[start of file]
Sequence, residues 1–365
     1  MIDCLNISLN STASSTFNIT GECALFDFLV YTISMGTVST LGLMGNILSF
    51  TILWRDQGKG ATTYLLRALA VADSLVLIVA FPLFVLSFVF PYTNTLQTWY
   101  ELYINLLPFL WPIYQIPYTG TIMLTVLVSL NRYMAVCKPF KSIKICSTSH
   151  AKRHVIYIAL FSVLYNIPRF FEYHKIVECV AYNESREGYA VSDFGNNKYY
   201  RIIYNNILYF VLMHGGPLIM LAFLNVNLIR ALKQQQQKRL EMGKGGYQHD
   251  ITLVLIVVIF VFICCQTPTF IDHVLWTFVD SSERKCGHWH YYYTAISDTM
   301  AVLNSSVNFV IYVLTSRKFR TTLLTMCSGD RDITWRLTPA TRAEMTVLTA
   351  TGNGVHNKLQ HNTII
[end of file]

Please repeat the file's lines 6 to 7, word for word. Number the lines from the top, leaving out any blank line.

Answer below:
   201  RIIYNNILYF VLMHGGPLIM LAFLNVNLIR ALKQQQQKRL EMGKGGYQHD
   251  ITLVLIVVIF VFICCQTPTF IDHVLWTFVD SSERKCGHWH YYYTAISDTM